“In all seriousness, though, much of what I do is so personal and that takes us into very real conversations about life, arguments between spouses, and countless important decisions. This is a part of my job that I never expected but really love; it adds to the rewards of creating spaces that help people live their best lives.”

2. Create a Conversation

Photo courtesy of Nat Rea / Kelly Taylor Interior Design

So how does a room come together out of diverse elements? For Taylor, part of the solution is pure instinct, though there are practical tips she likes to impart as well.

“Make sure the elements speak to each other in some way, without repeating each other too much,” she advises. “In neutral palettes, we can do this by using a variety of textures, for instance. Or for colorful palettes, we can make sure we combine geometrical patterns with more organic ones in the same color tones. The key is to find elements that are compatible, but not so similar that the design feels monotonous.”

When in doubt, reach for Taylor’s fail-safes. “There are two things that no room in my own home is without: books and original art,” she says. “I often quote Cicero—‘A room without books is like a body without a soul’—though I often add the word ‘art’ as well. These two elements bring culture, richness, and humanity to any space.”

3. Lay a Foundation on Function

Photo courtesy of Nat Rea / Kelly Taylor Interior Design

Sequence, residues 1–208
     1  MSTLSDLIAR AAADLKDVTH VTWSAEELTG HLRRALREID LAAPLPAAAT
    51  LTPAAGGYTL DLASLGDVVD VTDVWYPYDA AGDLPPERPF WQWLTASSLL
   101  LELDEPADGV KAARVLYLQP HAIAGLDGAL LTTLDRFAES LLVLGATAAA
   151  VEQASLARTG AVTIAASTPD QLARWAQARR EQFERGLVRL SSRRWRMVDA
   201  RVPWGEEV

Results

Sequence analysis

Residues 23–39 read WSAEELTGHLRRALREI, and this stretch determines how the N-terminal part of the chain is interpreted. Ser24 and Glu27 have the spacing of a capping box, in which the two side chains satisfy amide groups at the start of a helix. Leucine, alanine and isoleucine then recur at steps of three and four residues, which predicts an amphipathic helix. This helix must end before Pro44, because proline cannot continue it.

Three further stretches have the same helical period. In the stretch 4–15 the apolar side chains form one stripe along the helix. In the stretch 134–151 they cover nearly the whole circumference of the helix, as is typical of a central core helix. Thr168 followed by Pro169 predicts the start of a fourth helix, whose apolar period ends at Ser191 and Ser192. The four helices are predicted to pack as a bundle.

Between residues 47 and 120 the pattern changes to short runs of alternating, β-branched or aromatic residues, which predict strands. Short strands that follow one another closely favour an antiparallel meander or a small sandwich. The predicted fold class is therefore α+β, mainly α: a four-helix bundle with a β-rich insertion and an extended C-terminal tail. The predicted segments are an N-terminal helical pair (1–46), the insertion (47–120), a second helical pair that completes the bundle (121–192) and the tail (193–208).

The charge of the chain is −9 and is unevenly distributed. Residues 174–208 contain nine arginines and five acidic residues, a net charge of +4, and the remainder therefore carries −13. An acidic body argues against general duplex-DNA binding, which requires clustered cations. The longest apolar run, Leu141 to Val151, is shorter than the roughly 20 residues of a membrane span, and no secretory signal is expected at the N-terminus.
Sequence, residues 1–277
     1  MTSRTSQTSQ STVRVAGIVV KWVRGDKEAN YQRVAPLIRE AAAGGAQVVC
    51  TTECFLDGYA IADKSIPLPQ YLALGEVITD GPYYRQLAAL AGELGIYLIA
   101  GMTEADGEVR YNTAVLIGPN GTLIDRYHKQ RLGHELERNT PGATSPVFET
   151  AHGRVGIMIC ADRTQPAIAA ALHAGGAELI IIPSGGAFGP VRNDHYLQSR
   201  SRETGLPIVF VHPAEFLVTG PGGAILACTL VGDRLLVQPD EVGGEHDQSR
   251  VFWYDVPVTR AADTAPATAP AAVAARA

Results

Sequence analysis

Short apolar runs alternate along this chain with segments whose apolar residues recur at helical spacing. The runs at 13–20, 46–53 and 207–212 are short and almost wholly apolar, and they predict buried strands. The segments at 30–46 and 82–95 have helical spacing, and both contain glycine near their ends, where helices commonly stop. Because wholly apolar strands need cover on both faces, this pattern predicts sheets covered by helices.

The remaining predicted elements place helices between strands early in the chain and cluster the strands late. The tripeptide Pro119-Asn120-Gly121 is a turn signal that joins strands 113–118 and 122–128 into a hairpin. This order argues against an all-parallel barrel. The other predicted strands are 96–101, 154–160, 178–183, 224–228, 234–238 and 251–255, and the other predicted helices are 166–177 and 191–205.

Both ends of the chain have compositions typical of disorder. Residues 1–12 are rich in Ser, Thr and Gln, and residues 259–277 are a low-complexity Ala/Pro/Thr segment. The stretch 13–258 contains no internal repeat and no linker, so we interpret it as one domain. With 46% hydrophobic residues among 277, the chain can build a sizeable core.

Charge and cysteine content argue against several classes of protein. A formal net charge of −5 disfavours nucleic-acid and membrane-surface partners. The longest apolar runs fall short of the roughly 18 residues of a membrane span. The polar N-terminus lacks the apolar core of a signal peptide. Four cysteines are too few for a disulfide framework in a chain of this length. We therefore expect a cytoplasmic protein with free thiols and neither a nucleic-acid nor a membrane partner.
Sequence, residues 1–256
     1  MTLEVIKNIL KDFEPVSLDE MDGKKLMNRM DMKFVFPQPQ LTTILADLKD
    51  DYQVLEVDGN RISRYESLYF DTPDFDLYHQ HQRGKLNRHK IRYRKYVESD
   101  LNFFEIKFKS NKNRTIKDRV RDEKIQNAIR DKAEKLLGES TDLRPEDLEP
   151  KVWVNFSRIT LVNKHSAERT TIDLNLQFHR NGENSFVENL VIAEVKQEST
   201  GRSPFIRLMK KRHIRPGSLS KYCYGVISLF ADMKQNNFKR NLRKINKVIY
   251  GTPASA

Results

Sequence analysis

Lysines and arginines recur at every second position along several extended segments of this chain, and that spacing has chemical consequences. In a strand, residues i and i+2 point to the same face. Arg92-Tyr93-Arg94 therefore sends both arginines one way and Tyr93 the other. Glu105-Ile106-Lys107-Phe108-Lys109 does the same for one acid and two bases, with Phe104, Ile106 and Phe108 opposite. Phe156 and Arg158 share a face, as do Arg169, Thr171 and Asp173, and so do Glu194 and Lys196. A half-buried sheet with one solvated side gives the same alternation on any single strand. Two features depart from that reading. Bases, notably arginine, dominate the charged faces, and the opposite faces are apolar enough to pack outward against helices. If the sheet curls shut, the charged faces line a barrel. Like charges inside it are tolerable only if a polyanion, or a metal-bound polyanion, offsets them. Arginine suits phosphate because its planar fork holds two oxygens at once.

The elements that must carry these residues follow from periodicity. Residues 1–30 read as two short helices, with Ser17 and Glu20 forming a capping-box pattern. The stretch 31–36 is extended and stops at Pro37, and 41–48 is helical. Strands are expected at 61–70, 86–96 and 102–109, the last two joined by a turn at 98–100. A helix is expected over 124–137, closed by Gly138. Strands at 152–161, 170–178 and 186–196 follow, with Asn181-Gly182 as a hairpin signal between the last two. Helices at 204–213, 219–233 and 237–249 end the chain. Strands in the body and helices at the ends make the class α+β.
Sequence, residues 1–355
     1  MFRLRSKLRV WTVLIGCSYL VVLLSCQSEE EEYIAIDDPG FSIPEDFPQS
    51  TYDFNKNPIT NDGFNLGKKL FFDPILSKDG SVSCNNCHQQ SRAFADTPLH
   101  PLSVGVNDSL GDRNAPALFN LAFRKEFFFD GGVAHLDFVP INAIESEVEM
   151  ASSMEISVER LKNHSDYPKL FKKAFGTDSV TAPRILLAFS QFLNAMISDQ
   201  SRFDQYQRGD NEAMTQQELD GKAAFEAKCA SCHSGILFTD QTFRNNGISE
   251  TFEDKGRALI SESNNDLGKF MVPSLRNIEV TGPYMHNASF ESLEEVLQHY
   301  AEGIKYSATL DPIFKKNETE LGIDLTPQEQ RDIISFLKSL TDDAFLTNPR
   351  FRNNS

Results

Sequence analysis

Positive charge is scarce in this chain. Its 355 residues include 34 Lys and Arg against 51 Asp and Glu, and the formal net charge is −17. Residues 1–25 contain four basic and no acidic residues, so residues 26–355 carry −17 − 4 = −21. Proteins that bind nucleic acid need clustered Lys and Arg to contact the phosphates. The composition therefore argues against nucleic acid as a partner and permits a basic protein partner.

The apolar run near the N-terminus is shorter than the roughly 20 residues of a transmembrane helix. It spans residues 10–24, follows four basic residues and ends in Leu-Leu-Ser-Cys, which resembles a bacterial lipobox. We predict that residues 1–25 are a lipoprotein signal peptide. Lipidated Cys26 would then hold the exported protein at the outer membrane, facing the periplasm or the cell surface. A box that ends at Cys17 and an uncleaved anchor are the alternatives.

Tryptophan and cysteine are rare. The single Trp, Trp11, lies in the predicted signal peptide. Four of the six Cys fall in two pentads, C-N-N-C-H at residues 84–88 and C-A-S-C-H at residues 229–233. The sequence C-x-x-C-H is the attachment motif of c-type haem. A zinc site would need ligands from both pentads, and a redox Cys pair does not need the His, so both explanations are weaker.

The visual appeal of your rooms should be supported by the more practical elements of design. What are you aiming to use the room for? How can you best create flow and boost a room’s usefulness?

A stumbling block Taylor often sees with clients is a lack of awareness regarding size and scale. In this context, size can be defined as the physical dimensions of your home’s spaces and pieces, while scale refers to the relative proportions of the room compared with the objects in it.

“Size and scale are my two top offenders,” she says. “The issues go hand in hand. It’s important to never forget the size of a space, and furnishings need to fit the scale of the space. In other words, if you have a small room, don’t buy a gigantic sofa.”

Ultimately, your design elements should have some utility—even if that utility is simply the pure enjoyment of an inspiring piece of art. And invisible details should be taken into account as well, such as the brightness or dimness of your space, the sounds and smells, and even its impact on the surrounding environment.

“Beauty is a critical part of a well-designed space,” says Taylor. “But I would argue that it takes a back seat to function, lighting, acoustics, and sustainability. All of these things have high impact on human life—on personal harmony, health, and happiness.”

Simply put, you need to align three crucial pieces in creating your ideal space. First, identify what objects and details feel most authentic to you. Second, create a look that unites colors, patterns, and objects to create balance and harmony. And third, study the functionality of your space and see whether there are layout challenges you can improve upon. Consider these three factors, and you’re thinking like an interior designer.